We have chosen a somewhat surprising way of approaching him: through arrangements, or let us rather say transcription! Rameau was himself a past master of this art, for throughout his life he offered several different versions of a single work. One might take as an example some of his harpsichord pieces, which later recur in the operas in the form of dances for orchestra or choruses (Les Sauvages from the Nouvelles Suites de pièces pour clavecin published in 1727 became, eight years later, the Danse du Grand Calumet de la Paix and the chorus ‘Forêts paisibles’ in Les Indes galantes).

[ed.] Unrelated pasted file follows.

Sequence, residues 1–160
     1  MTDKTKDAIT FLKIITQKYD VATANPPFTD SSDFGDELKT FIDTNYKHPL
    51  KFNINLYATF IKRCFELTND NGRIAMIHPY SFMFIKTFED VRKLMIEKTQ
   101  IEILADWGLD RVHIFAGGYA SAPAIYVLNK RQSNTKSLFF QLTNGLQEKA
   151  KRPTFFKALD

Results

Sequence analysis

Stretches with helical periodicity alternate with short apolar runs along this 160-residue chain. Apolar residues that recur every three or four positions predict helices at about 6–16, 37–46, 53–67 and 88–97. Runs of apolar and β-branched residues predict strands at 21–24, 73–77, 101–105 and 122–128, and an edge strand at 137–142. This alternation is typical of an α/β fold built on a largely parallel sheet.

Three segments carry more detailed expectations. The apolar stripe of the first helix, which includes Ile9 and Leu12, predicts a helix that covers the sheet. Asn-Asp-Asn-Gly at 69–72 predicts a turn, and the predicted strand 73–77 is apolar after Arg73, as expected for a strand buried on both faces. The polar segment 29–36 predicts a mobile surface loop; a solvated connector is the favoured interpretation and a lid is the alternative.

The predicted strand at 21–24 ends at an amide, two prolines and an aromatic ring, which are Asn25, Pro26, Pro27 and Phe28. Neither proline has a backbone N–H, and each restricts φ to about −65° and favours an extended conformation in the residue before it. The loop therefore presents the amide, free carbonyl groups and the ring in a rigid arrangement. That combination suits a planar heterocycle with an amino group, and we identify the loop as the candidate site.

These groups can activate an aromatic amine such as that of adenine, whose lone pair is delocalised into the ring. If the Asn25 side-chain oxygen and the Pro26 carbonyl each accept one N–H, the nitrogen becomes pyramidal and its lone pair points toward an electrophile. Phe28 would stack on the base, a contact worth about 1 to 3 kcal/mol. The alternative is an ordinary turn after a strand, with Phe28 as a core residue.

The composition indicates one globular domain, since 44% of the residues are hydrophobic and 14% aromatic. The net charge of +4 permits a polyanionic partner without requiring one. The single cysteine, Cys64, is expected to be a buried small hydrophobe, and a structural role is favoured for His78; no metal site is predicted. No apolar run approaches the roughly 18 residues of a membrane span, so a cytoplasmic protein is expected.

Alongside Rameau, we present suites from operas by François Rebel and François Francœur. Organised into ‘suites de symphonies’, as was customary at the time, these dances come from works that made the composers’ reputation: Pyrame et Thisbée, Le Ballet de la Paix and Scanderberg. Rebel and Francœur, who were both friends of Rameau, frequently played and programmed his works in the orchestras they directed (at the Académie Royale de Musique, the Théâtre des Petits- Appartements in Versailles, and so on).